I remember one of the common vet school-related memes on the internet is “they never tell you there are so many medical records to write as veterinarians.” I can’t agree more. Before clinical rotations started, I had never realized that there were so many things seemingly unrelated to medicine that we have to do. Nobody told me I had to know how to send a sample to the in-house lab, how to receive a patient, how to make out-of-state phone calls, how to use the medical record system and many other real-life things that we had never been aware of.
The four-year veterinary curriculum is fairly intense, with each semester being worth 20+ credits. However, we still can’t learn everything under such a tight schedule. We’ve always been told that placing a urinary catheter in a male dog is the easiest procedure in the veterinary world. Things do not always go in a textbook manner, however. We had a dog presented for back surgery, but when we tried to place a urinary catheter it got completely stuck. We tried multiple methods, including lubricants, muscle relaxant, and local anesthetics, but eventually took it out. It was a tough battle. Textbooks and people may tell you this procedure is simple, but they may not tell you once in a while you will get an atypical case, which could be frustrating but also a good lesson to learn.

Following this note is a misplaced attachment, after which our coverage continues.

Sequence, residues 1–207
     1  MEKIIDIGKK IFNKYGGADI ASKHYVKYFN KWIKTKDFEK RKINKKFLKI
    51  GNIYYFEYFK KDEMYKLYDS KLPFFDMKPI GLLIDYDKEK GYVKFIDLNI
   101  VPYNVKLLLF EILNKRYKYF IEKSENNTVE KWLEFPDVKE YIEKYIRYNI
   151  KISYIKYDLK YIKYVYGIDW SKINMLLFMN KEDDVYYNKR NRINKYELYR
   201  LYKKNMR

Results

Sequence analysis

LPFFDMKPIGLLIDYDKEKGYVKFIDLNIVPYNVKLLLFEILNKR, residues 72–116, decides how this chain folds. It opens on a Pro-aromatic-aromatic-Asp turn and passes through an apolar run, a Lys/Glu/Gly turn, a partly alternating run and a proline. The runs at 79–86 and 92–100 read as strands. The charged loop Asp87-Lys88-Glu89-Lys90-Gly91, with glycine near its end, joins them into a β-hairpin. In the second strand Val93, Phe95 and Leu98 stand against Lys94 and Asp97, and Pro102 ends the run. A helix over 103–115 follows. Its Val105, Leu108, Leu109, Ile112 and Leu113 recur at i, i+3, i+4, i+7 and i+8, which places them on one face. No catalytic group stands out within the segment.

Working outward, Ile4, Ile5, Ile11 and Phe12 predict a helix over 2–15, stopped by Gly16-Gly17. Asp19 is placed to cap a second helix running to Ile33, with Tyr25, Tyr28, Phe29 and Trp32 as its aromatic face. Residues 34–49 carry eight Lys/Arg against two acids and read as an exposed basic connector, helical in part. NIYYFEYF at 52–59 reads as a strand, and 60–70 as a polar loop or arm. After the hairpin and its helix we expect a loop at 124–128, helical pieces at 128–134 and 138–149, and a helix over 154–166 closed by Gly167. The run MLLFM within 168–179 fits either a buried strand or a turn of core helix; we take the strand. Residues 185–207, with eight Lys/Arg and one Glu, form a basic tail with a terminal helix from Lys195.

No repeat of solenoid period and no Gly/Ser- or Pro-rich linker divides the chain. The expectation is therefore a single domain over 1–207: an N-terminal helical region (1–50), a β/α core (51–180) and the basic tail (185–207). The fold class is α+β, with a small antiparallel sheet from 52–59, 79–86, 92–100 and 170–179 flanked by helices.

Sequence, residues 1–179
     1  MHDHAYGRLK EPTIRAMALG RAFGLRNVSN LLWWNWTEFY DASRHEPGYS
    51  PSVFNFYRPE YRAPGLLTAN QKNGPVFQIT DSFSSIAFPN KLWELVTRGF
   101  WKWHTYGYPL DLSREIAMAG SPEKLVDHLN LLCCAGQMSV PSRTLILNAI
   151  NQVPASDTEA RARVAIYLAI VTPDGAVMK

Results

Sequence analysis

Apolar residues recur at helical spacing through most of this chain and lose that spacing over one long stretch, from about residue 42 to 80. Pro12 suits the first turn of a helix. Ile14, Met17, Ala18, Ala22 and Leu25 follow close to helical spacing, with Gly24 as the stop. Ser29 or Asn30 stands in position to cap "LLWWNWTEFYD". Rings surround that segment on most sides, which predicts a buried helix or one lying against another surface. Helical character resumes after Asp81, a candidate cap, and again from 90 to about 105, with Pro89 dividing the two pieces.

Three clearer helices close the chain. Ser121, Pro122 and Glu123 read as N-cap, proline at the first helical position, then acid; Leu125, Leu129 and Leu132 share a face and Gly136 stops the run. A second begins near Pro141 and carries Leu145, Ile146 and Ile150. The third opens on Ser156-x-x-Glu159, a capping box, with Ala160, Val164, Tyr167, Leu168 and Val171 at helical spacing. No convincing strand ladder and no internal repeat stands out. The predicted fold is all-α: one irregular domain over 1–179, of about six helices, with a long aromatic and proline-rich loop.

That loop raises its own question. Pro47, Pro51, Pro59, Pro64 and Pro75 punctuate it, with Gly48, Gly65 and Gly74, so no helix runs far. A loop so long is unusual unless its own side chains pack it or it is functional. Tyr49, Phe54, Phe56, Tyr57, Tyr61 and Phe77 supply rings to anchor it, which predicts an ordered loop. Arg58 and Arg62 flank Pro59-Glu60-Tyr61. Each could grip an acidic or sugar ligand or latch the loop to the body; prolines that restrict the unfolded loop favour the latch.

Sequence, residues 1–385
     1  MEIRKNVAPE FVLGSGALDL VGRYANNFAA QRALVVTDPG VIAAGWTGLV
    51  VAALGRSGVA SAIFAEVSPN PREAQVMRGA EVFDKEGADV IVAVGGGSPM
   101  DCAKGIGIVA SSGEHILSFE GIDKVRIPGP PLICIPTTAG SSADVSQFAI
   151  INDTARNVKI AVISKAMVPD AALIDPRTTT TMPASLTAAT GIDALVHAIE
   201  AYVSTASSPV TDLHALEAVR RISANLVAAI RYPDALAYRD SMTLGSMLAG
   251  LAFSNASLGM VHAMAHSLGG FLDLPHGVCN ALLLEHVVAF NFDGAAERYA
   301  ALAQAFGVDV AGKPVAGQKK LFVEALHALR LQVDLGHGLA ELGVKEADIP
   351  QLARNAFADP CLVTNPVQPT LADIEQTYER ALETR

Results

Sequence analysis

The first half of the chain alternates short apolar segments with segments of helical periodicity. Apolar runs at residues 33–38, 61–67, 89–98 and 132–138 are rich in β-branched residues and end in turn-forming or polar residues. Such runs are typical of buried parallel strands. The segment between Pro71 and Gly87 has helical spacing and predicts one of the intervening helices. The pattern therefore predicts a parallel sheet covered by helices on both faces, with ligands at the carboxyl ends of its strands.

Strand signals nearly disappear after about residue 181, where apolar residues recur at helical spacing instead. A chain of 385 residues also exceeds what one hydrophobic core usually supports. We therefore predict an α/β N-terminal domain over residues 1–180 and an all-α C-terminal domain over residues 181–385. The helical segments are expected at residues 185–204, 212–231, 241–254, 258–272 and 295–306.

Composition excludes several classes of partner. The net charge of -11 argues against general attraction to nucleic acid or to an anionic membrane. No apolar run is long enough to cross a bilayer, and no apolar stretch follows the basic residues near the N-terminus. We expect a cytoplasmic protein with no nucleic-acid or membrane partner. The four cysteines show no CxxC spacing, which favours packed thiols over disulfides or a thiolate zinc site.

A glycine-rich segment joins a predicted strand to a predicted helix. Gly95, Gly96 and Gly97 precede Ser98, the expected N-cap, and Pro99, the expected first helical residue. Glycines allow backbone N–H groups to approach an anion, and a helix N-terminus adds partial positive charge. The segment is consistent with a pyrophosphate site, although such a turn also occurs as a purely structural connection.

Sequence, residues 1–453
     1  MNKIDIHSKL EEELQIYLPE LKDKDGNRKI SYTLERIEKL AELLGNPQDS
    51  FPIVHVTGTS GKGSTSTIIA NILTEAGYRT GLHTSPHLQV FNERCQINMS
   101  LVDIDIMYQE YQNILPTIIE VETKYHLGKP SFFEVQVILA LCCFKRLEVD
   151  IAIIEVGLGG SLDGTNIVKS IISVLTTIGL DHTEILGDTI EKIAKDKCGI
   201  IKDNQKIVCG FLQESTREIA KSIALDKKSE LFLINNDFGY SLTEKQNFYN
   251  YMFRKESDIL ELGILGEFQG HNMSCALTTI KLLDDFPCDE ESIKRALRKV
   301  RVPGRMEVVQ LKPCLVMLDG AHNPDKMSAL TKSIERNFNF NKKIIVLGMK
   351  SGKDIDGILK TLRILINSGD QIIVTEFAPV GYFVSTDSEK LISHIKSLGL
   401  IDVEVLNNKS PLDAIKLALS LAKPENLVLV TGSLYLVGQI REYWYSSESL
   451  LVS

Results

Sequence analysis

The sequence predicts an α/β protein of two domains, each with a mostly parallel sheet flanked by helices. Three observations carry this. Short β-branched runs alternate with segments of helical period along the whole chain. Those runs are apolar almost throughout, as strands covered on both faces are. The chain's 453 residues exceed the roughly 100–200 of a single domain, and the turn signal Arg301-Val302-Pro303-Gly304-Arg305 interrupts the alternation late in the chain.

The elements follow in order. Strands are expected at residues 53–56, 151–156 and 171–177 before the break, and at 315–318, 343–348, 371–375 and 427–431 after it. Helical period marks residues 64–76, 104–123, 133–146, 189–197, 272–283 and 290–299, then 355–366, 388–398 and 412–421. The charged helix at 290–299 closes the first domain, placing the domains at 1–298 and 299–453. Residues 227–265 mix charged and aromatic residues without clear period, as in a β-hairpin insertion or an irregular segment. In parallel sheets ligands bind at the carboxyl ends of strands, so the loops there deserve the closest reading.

We might not have been told that there are times when we have to suggest clients that they see their regular veterinarians instead of waiting for a couple hours in the ER. Real-life experience can beat the most classic textbook. As someone has said, “I was told and I forgot, I was involved and I learned.”